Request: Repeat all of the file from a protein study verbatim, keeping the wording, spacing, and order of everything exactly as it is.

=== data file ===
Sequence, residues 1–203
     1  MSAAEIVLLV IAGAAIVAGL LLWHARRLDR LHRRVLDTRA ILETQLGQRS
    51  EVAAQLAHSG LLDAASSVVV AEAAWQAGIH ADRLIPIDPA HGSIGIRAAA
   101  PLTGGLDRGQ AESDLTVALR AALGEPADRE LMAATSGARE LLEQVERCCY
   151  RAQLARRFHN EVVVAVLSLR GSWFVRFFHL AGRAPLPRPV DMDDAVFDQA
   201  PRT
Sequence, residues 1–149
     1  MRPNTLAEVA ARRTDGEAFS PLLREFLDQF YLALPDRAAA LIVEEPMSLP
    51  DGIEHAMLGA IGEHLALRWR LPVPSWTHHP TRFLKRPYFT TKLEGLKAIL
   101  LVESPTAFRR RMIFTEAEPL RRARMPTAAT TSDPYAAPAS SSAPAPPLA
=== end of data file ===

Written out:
Sequence, residues 1–203
     1  MSAAEIVLLV IAGAAIVAGL LLWHARRLDR LHRRVLDTRA ILETQLGQRS
    51  EVAAQLAHSG LLDAASSVVV AEAAWQAGIH ADRLIPIDPA HGSIGIRAAA
   101  PLTGGLDRGQ AESDLTVALR AALGEPADRE LMAATSGARE LLEQVERCCY
   151  RAQLARRFHN EVVVAVLSLR GSWFVRFFHL AGRAPLPRPV DMDDAVFDQA
   201  PRT
Sequence, residues 1–149
     1  MRPNTLAEVA ARRTDGEAFS PLLREFLDQF YLALPDRAAA LIVEEPMSLP
    51  DGIEHAMLGA IGEHLALRWR LPVPSWTHHP TRFLKRPYFT TKLEGLKAIL
   101  LVESPTAFRR RMIFTEAEPL RRARMPTAAT TSDPYAAPAS SSAPAPPLA